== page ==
- Check the accuracy of your software and firmware. Always make sure that the temperatures reported by your firmware and software are accurate. This check can resolve a lot of common problems and extend the life of your 3D printer.
You can check the temperature in several ways. One of the best methods is to insert a thermocouple probe into the hot-end nozzle. Or invest in a noncontact digital laser temperature sensor, which sells for around $30. To use it, point the laser at the place you want to measure. This device is good for checking the temperature of the heated print bed, motors, and drive electronics.
- Verify the temperature of your cold-end. It's a great idea to check how hot the cold-end (thermal barrier) is getting on your hot-end. The cold-end's temperature needs to stay below the glass-transition temperature of the material you're printing. This limit is most critical for printing polylactic acid (PLA) materials, so check your extruder when it has been turned on and printing for 20 minutes or so. If the extruder heats up more than 50 degrees C, consider adding a cooling fan. Make sure that this fan points across the cold-end part of the extruder, not toward the hot-end or the object being printed.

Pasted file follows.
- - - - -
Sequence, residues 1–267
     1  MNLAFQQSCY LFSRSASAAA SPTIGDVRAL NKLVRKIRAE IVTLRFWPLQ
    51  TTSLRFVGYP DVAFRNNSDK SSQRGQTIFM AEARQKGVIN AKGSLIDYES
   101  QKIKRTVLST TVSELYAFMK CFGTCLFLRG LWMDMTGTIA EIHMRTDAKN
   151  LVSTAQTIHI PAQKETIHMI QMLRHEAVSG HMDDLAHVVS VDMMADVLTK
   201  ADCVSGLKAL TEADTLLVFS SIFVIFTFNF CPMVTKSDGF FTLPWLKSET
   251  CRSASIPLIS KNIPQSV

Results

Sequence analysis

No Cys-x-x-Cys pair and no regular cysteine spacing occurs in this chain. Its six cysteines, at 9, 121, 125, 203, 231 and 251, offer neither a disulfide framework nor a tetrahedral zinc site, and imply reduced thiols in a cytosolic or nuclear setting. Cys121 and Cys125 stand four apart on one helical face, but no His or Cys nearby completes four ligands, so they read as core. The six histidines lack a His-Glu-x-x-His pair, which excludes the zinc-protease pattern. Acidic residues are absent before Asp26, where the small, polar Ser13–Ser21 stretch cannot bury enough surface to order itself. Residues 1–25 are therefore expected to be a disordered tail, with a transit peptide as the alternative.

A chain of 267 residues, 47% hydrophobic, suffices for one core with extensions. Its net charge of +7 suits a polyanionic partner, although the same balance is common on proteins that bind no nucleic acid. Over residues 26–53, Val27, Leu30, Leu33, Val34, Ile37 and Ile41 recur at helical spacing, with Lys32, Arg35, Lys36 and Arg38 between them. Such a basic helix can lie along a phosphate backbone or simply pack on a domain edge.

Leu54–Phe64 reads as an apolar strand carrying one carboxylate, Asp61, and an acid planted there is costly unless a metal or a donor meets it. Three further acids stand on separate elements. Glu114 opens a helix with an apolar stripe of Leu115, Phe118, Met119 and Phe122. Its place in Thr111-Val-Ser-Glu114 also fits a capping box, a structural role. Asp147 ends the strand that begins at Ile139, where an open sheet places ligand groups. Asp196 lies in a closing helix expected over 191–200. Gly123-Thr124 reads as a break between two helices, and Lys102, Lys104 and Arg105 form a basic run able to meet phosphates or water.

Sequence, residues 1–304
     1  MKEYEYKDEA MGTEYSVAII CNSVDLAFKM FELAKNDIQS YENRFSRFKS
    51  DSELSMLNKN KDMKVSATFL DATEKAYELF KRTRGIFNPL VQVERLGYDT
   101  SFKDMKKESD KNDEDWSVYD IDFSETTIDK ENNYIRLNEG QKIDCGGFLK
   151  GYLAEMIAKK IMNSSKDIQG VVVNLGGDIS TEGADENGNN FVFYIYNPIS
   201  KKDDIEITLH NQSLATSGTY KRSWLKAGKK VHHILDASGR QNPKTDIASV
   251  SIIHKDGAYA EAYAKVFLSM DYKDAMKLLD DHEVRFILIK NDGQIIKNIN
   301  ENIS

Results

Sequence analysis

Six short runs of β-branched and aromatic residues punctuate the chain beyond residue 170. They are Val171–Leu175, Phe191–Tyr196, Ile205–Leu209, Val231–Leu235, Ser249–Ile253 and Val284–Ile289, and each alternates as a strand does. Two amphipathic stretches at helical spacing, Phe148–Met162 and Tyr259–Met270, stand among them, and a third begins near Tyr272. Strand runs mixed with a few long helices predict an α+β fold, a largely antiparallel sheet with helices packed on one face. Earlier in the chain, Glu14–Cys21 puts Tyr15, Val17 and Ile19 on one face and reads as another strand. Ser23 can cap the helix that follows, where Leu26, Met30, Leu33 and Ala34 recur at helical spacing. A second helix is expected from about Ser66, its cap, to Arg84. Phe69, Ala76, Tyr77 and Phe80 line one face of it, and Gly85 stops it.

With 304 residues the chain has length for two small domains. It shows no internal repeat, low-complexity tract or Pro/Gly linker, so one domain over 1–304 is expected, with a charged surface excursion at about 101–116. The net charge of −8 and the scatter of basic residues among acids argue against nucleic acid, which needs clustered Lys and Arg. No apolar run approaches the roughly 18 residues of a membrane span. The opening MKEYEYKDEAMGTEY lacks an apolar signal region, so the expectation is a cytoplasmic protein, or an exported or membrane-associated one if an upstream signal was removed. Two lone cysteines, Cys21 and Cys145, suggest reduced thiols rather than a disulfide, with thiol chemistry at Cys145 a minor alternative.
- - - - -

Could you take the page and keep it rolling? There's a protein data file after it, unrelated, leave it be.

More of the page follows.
Some 3D-printer kits come with a fan to cool the cold-end of the extruder — usually, a very good idea. A fan isn't always necessary, but having your incoming filament go quickly from cool to melting temperature is much better than trying to push a plug of heated, semisoft, rubberlike material into your extruder nozzle.
- Keep your filament free of fluff. Add a fluff-capturing device to your 3D printer, because dust and fluff on the filament going into your hot-end can clog it and eventually jam the nozzle. Such gunk is very hard to clear out. A piece of sponge, secured around the filament with a zip tie, catches fluff and stops it from entering your extruder.